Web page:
Jat quota in Haryana: Supreme Court continues status quo order

The Supreme Court today continued its interim order granting status quo on the operation of the Punjab and Haryana High Court verdict upholding the constitutional validity of the law providing ten per cent reservation to Jats and five other communities in Haryana.

A bench of Justices J Chelameswar and Sanjay Kishan Kaul asked Haryana to file within three weeks its counter affidavit on the plea which has also opposed the Haryana Backward Classes Act of 2016.

“Counter affidavit be filed within three weeks. Rejoinder affidavit be filed within three weeks thereafter. List thereafter. Interim order to continue in the meantime,” the bench noted in its order.

On March 26, the apex court had ordered status quo on the operation of the Punjab and Haryana High Court verdict.

The petitioner had earlier informed the top court that the Backward Class Commission would submit its report on the percentage of quota by March 31.

The Haryana Assembly had unanimously passed The Haryana Backward Classes (reservation in services and admission in educational institutions) Bill 2016 on March 29, 2016. The government had notified the Act in its gazette on May 12, 2016.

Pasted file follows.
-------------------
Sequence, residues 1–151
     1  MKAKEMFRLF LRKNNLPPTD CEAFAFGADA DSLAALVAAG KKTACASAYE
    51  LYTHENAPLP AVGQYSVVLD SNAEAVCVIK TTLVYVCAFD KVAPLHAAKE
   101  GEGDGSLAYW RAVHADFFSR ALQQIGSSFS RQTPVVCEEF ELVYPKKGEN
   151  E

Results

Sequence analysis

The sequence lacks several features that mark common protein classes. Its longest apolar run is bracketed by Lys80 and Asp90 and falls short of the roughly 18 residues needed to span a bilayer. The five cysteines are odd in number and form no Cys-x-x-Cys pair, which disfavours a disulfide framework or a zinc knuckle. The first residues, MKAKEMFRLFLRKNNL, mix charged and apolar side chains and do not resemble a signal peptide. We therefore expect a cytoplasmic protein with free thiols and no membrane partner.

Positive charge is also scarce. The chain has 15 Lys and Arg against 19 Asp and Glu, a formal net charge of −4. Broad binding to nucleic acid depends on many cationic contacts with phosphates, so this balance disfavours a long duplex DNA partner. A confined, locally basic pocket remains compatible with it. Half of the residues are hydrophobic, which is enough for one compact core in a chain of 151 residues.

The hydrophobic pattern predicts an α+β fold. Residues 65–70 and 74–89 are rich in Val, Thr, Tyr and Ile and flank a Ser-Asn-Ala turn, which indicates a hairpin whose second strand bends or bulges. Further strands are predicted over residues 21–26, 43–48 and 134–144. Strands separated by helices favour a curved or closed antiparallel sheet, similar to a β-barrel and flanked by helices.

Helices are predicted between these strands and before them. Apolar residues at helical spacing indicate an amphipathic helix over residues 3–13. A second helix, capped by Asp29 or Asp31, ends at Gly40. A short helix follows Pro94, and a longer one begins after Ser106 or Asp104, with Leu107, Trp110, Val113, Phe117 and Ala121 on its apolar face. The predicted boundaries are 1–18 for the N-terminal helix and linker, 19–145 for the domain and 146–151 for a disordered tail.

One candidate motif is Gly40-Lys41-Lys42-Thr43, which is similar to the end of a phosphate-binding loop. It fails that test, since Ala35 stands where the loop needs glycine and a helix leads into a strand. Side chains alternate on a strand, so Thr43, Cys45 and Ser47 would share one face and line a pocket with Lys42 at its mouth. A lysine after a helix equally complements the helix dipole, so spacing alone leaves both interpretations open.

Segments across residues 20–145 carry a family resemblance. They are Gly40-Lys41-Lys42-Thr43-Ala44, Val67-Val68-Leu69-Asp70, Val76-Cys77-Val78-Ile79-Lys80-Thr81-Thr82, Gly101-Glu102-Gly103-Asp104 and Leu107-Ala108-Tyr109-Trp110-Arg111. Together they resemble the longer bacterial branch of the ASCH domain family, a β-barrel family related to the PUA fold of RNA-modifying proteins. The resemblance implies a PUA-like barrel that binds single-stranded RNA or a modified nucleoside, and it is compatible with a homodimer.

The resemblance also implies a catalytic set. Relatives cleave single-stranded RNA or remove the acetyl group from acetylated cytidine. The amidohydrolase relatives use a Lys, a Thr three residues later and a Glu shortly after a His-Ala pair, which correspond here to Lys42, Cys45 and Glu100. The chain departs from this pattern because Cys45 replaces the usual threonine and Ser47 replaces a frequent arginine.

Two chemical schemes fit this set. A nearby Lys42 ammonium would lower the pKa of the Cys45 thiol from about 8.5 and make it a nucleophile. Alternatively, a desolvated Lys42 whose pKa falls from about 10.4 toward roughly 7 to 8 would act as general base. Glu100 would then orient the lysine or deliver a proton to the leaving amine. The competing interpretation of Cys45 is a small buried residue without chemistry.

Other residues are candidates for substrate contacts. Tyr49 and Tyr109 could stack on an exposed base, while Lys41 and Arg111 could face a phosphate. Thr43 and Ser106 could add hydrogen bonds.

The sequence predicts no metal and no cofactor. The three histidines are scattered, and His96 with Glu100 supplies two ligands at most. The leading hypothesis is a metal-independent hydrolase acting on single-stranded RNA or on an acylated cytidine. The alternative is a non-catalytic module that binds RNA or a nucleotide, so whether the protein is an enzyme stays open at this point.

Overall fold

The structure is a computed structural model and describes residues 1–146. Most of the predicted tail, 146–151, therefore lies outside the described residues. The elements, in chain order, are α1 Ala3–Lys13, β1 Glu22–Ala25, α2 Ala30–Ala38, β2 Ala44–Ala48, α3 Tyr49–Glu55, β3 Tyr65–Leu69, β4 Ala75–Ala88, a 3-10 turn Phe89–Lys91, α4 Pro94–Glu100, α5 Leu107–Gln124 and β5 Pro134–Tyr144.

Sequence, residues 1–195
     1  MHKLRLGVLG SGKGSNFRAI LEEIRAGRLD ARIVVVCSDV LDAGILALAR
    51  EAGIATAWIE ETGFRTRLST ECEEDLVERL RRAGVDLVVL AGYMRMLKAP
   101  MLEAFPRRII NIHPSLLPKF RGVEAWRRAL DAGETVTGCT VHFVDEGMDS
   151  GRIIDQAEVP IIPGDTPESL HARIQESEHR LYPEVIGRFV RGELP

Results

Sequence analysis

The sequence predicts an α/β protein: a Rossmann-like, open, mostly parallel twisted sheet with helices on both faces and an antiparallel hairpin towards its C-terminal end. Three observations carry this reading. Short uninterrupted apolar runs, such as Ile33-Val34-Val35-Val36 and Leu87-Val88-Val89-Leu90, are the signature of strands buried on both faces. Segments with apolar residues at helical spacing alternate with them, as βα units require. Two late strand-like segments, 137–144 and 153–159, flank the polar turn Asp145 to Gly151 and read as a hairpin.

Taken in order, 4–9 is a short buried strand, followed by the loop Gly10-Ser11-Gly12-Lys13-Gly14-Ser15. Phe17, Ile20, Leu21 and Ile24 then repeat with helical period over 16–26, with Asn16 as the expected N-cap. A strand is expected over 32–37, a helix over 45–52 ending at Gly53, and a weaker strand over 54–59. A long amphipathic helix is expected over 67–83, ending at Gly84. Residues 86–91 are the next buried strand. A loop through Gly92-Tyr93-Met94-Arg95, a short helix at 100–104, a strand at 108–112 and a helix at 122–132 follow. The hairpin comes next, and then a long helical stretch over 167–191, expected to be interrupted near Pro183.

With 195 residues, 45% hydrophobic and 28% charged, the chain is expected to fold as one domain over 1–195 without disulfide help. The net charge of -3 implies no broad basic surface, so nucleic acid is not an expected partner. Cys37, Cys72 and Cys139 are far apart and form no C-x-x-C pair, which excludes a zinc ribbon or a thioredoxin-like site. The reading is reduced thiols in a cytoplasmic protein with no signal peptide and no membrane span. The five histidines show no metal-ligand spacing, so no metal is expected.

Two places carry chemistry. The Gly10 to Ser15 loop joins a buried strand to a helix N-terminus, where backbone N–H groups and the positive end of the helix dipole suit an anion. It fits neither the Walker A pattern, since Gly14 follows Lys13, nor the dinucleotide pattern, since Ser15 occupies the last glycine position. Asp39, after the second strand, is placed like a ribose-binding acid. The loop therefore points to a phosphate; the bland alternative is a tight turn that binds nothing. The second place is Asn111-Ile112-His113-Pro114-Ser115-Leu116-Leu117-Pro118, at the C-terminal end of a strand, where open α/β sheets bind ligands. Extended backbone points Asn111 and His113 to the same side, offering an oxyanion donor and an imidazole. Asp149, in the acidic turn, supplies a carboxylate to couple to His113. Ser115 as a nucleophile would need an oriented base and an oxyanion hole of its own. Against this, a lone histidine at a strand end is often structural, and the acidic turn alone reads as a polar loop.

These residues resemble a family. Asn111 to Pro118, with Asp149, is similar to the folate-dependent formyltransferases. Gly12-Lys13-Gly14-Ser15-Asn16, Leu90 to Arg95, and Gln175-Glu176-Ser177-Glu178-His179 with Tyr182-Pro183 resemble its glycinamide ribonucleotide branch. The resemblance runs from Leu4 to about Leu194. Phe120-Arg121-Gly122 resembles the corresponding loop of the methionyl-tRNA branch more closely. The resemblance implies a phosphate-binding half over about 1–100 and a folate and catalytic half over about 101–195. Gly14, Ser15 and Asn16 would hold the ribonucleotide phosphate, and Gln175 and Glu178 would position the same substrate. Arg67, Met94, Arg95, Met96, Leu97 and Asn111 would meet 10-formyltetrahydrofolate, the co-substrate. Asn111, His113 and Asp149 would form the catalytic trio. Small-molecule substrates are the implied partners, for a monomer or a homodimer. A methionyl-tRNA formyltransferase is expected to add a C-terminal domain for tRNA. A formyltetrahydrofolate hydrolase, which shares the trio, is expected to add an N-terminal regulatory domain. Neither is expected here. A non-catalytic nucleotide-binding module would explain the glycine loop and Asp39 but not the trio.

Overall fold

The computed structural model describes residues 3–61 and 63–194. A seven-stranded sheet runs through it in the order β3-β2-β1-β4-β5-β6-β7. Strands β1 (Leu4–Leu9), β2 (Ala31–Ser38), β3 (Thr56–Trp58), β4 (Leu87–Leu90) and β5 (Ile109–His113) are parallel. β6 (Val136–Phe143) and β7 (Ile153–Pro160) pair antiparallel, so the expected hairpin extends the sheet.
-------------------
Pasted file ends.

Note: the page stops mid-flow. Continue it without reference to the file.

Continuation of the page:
The new Act provided reservation to Jat and five other communities including Jat Sikh, Bishnoi and Tyagi under a newly carved out backward class (C) category. As per the Act, these communities would be entitled to get 10 per cent reservation in government services and admission in educational institutions.

However, on May 26, 2016, a division bench of the high court had stayed the reservation to these communities after hearing a plea challenging the constitutional validity of schedule-III (block-C) of the Act. The plea had sought directions to set aside the bill for being against the law laid down by the supreme court in the Indira Sawhney case.

According to the petition, with the passing of the new bill, the total reservation had reached around 70 per cent, but according to the law laid down by supreme court, the quota limit could not exceed 50 per cent. The high court had on September 1 2017, upheld the constitutional validity of the Act.

In February 2016, the state had seen violent protests by the Jat community demanding quota in jobs and educational institutions which virtually brought Haryana to a halt. The agitation had left many dead and several grievously injured.

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